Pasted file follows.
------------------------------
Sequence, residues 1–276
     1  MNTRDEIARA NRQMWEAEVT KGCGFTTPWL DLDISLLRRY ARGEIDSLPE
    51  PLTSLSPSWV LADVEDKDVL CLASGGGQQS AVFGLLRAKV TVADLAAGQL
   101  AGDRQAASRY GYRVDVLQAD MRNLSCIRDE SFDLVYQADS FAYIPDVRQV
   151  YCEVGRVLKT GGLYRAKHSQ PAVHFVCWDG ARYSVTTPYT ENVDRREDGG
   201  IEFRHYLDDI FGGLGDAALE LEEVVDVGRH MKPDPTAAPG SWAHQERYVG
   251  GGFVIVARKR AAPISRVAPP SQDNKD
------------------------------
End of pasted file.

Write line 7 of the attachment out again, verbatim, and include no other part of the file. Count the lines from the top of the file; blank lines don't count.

   251  GGFVIVARKR AAPISRVAPP SQDNKD